Mother of reported killed in Gaza: I trembled when he was there but I’m proud of him

Ten years after the tragic death of Vittorio Arrigoni she shares happy recollections with Ossigeno per l’Informazione and talks about the Foundation that passes on his memory

OSSIGENO April 18th 2021 – Ten years have passed since the death of Vittorio Arrigoni (Vik), the human rights activist kidnapped and killed in Gaza on April 15th 2011. Ten years is a long time. But in the memories and in the heart of Egidia Beretta, his mother, Vittorio is always there, with her, in their home in Brianza, in Bulciago, in the Province of Lecco.

“I remember – she says to Ossigeno per l ‘Information – the moments when he was here at home, our conversations and the beauty of having him around. There was a lot of empathy between us, an empathy that never stopped either when he was away or now. Vittorio cared a lot about his roots and we, although he was often far from home, were his roots, his point of reference. This made us very proud”.

She adds that Vittorio had spent his entire life for others, in search of the common good and respect for human rights and justice. In a letter sent to a friend in 2004, Vittorio writes about himself: “I have decided to devote a lot of my time and energy to the search for hidden truths, unusual interests, sifting through those places where poverty and war always leave a mark tempting us to lose all hope of peace, every right to an equitable existence”.

Vik’s missions reached Croatia, Latin America, Eastern Europe, Africa, but the territory he prioritised was Palestine where for the first work camp he arrived in 2002.

Mamma Egidia has always supported Vittorio, his passions, the mission he had chosen to fulfil. She supported him by overcoming a mother’s legitimate worries and fears. “His first trips – she says – were not risky. I began to worry when he chose Palestine as a place to bring concrete aid. In 2005, after two attempts to enter, he was beaten and jailed. My heart was not tranquil, of course, but at the same time I felt satisfaction and pride for the son who never abandoned his dreams and the search for justice. His life was moved by the battle for human rights. He fulfilled his aspirations and was able to give help and support to those who needed it. That gave me joy, it still gives me joy”.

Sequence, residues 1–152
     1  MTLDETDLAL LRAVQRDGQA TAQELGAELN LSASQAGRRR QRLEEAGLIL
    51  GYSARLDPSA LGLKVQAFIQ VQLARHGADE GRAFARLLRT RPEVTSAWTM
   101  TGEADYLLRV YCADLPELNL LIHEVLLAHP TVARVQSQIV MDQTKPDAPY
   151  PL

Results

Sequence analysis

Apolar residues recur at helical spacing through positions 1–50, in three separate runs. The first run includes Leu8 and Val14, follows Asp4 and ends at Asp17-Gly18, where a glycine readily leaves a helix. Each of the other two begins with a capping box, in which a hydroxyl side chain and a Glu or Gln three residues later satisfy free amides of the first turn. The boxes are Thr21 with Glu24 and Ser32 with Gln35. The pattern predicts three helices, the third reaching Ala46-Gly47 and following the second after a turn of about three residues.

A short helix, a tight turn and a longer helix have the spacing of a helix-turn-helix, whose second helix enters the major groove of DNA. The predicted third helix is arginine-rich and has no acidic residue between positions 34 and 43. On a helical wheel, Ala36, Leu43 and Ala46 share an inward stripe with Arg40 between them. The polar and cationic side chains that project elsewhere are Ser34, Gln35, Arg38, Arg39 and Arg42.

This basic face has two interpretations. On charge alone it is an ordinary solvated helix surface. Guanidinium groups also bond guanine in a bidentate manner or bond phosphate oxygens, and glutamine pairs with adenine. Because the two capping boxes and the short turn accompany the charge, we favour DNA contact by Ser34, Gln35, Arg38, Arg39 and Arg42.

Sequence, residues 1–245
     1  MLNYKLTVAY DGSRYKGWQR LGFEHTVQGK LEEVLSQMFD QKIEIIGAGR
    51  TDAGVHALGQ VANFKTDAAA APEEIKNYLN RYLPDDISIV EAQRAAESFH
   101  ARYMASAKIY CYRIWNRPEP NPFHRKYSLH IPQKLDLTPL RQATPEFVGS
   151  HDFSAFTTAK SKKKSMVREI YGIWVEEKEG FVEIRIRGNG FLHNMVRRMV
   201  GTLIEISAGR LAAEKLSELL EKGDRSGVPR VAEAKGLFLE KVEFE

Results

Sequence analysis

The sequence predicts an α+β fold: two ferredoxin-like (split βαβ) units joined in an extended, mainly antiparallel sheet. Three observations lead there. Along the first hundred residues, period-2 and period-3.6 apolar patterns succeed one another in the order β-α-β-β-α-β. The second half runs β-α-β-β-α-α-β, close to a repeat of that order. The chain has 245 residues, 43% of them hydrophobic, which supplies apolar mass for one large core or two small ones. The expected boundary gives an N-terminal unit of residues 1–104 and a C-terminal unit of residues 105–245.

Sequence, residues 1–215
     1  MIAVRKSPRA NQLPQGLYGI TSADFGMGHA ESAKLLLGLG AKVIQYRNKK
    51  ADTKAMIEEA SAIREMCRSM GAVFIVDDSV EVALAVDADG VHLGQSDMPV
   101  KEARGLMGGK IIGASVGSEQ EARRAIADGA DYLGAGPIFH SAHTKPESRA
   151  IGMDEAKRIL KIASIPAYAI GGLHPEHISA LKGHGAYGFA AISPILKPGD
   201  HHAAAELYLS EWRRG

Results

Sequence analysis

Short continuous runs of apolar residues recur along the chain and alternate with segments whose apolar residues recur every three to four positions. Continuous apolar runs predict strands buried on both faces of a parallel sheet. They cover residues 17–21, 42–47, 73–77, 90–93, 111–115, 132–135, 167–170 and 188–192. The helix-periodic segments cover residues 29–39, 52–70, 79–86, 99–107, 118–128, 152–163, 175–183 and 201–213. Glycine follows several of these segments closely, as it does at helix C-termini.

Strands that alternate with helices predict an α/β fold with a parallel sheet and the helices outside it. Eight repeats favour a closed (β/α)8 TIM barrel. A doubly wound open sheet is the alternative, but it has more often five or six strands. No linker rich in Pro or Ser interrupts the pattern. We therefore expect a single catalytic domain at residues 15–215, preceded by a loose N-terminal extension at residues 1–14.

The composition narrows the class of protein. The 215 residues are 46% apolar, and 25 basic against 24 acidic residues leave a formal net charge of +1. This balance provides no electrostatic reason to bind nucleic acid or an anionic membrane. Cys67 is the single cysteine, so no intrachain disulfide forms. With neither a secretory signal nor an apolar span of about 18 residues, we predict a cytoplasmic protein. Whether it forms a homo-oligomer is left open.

To civil commitment, Vittorio combined his passion with a natural propensity for writing. The pen was the instrument of his feelings, the weapon to tell what he saw around him. In 2008, when Israel launched the operation called “Cast Lead”, the bloody military offensive to hit the Hamas administration, Vittorio was the only Italian present in the Gaza Strip. He recounted those days for the newspaper Il Manifesto. The world learned about what was happening thanks to his reports written under the bombs and signed with the phrase “Let’s remain human”. Words that have become Vittorio’s trademark and, still today, inspire those who dedicate their commitment and energy to others. “He wrote in desperate conditions and – comments his mother – I’m sure that he said ‘Let’s remain human’ above all to himself. It is an admonition that applies to everyone. It must remind us that we all belong to the same family, the human one. If we open ourselves to others, to those who are suffering, to those in need – says Egidia – if we truly believe we are one family, if we do not turn away, we have the opportunity to become human rights advocates  in the our daily life “. 

After Vittorio’s death, his material and intellectual heritage was collected and preserved by Egidia and her daughter Alessandra, Vik’s sister. They strongly wanted the creation of the Vittorio Arrigoni “Vik Utopia” Foundation. This non-profit organization, as the website states, aims to “honour Vittorio’s memory and continue his selfless action of civil commitment at the service of the common good, human rights and justice”. The Foundation promotes national and international humanitarian interventions.

Thus Vittorio’s life, his tangible testimony, inspires new generations. Egidia often talks about it, and with pleasure, with young people, students, and activists who invite her to talk about Vittorio. “I believe – she maintains – that my son’s story can be an example, a help for young people in the face of difficult but noble choices. The memory of Vittorio can be a good traveling companion for those who aspire to pursue their dreams, to realize their own “Utopia”.

Egidia dedicates a final reflection to Vittorio and to all journalists killed, who lost their lives while doing their job, to whom Ossigeno per   l ‘Information dedicates the web site “Killed journalists – They were looking for the truth”.

What can be done to prevent what happened to Vittorio and other courageous colleagues from happening to others in the future? What should be done to protect journalists and enable them to safely tell concealed truths?

“Those journalists you remember on the web site ‘They were looking for the truth’ – replies Egidia – were so driven by the passion for their work that they would in no way be able to ‘let it go’. Theirs was a mission, just as journalism is a mission for those who do it in an upright way and in the service of society. Courageous journalists must be protected by lining up around them, starting with their own professional group. It is necessary to support them, encourage them, talk about their work and republish their investigations. It is essential – she concludes – not to leave them isolated”.

Read the story of Vittorio Arrigoni on the Ossigeno website – “They were looking for the truth”.

RDM

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